Flag on Nigerian president’s car symbolises chief commander, not Biafra separatist group
Footage of Nigerian President Muhammadu Buhari’s convoy has been circulated on social media with claims that it shows the African leader acknowledging the Biafran state by displaying the separatist flag on his car during a recent visit to Nigeria’s southern Imo state. The claim is false; the flag in question is one of the official presidential flags that recognises the commander-in-chief of the country’s armed forces.
Social media monitoring tool CrowdTangle revealed that the claim was largely circulated online by pro-Biafran accounts on September 9, 2021, the same day Buhari visited Imo state, where separatist tensions and attacks on police have been on the rise.
“Biafra flag spotted on Bughari’s Land Cruiser today in Imo State (sic),” reads the caption on a Facebook post featuring the video, which has been shared more than 1,500 times since Buhari’s visit.
The video’s voiceover claims that the president mounted both the Nigerian and Biafran flags as well as the Nigerian Coat of Arms on his car.
The same 23-second video footage was also shared on Twitter with a claim that Buhari had “finally accepted the restoration of Biafra.”
Buhari in Imo
Buhari’s visit to Imo came two months after southeast Biafra separatist leader Nnamdi Kanu was arrested overseas and brought back to Nigeria to face trial.
Imo is in Nigeria’s southeast region where the Igbo ethnic group largely resides. The state has been the battleground for pro-Biafra Eastern Security Network, the militia arm of the proscribed Indigenous Peoples of Biafra (IPOB) group that seeks independence from Nigeria for the Igbo people.
The Republic of Biafra was formed following a unilateral declaration of independence from Nigeria in 1967, a move that resulted in a civil war that lasted for two-and-a-half years and claimed at least a million lives.
Although the Biafran state ceased to exist in 1970, calls for secession over alleged marginalisation still continue, with IPOB supporters regularly flying the Biafran flag during demonstrations.
The flag of the former Republic of Biafra has three horizontal bands in red, black and green. In the centre, it features a golden rising sun atop a horizontal line.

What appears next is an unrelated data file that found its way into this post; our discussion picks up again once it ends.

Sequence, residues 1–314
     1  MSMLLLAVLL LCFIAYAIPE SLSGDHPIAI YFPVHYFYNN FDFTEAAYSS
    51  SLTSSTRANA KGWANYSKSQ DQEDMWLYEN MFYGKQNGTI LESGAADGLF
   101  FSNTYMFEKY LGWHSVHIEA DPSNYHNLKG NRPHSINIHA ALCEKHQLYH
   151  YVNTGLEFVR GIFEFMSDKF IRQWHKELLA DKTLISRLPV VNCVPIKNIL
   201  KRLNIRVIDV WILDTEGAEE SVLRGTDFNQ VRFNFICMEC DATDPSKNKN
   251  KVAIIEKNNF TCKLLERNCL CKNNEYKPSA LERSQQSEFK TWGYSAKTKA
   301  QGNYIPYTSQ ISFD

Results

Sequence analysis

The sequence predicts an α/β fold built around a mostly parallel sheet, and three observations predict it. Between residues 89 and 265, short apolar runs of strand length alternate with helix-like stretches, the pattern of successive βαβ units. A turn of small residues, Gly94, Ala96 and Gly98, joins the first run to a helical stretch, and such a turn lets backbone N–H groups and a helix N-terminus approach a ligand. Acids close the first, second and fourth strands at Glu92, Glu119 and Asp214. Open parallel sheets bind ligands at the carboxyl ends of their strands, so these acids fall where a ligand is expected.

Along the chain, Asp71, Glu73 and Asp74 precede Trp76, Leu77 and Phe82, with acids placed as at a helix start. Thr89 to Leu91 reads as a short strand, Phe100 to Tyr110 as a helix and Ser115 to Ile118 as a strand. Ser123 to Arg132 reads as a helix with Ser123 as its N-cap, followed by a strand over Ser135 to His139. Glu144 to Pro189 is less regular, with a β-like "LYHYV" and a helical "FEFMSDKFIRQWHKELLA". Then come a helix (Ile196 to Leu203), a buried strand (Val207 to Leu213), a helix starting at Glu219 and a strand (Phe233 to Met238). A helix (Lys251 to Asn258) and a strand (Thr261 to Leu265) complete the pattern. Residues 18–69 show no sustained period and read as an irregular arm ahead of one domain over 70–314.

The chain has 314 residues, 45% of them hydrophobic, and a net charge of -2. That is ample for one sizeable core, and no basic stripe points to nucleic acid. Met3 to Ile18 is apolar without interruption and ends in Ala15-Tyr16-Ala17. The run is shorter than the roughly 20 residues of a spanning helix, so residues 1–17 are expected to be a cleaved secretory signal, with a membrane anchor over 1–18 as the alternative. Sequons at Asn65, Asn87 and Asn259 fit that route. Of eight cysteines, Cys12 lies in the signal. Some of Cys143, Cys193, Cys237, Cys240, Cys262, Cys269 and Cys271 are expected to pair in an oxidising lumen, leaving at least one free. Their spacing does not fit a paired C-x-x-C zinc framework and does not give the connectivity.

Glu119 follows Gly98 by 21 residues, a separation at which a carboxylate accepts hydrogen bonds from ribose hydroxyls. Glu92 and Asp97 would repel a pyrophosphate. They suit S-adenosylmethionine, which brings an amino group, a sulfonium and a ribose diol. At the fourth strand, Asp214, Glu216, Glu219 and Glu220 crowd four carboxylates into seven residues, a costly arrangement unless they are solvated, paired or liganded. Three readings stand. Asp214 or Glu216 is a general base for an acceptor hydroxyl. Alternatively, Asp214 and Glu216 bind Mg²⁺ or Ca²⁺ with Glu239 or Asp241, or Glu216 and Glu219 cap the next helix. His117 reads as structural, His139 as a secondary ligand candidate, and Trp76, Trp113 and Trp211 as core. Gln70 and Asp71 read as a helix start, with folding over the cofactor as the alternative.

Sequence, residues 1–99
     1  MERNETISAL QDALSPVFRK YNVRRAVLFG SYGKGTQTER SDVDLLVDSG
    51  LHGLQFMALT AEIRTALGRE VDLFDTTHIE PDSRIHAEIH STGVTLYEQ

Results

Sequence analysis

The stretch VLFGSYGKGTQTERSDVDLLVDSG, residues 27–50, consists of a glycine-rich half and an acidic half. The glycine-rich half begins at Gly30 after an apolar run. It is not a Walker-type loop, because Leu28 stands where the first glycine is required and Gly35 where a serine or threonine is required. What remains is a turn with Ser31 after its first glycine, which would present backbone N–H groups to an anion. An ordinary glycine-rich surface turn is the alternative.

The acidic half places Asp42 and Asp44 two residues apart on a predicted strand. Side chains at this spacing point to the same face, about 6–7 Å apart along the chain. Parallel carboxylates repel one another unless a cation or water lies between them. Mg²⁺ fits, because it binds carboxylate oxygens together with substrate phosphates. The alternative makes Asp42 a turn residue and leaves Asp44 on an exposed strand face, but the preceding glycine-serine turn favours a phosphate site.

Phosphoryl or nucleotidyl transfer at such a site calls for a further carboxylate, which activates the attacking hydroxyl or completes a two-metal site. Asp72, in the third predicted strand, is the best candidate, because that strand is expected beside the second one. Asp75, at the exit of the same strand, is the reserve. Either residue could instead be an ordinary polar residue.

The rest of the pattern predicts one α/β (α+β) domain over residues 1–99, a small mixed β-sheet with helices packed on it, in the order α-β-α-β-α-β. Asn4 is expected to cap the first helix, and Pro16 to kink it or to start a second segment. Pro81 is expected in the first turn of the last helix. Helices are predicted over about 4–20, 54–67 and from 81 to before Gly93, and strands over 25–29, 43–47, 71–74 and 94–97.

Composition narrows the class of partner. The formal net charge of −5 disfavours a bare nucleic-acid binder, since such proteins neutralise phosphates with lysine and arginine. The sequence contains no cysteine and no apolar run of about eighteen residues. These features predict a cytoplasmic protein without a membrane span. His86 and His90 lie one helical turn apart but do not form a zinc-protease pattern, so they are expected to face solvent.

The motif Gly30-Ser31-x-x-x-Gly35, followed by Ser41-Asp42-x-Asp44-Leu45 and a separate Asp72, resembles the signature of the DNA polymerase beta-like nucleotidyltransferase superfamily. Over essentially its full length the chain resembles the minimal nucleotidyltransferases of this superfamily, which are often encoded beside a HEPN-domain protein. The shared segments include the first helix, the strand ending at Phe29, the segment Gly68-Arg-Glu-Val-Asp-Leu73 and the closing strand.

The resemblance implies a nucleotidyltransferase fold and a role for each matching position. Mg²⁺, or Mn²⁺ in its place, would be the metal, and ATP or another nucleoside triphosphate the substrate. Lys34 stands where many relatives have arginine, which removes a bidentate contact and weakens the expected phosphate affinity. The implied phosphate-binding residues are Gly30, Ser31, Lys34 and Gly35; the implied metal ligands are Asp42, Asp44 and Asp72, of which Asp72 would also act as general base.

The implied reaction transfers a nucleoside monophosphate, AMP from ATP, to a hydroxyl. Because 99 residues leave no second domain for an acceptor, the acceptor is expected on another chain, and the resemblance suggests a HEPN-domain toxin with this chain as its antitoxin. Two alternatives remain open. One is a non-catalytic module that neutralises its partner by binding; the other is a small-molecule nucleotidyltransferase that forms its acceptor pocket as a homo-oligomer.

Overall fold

In reality, none of the flags displayed on the presidential car belongs to the separatist group. AFP Fact Check examined the two flags mounted on either side of Buhari’s car and found that they are actually Nigeria’s national flag and that of the Commander-in-Chief of the Nigerian Armed Forces.
Golden rising sun not visible
In the Facebook video, three colours — red, black and green — are visible on the flag flying on the left-hand side of Buhari’s car. Although the arrangement of the colours is similar to the Biafran flag, the black band does not feature a rising sun.
AFP Fact Check found a high-quality video of Buhari’s visit live-streamed on Facebook by the Pidgin service of the BBC. The live broadcast shows Buhari’s convoy leaving the government house in Imo’s capital Owerri.
Buhari’s Toyota Land Cruiser can be seen 39 seconds into the video. It has the Nigerian coat of arms as its license plate and two flags placed on either side of the car, between the vehicle's fender and the bonnet.
The official state’s car
On the vehicle’s right-hand side is Nigeria’s national flag featuring two horizontal green bands with a white one in the middle, and on the left is another flag with four horizontal bands — red, black, white, and green.
This four-coloured flag represents the commander-in-chief of the Nigerian Armed Forces who is also the president.
Placing the two flags in this manner or placing them behind the president’s seat is typical during official presidential outings, as shown below in an AFP photo of Buhari during a cabinet meeting.
AFP Fact Check previously debunked a similar claim purporting that the flag of an Islamist group was hoisted at the headquarters of Nigeria’s National Emergency Management Agency.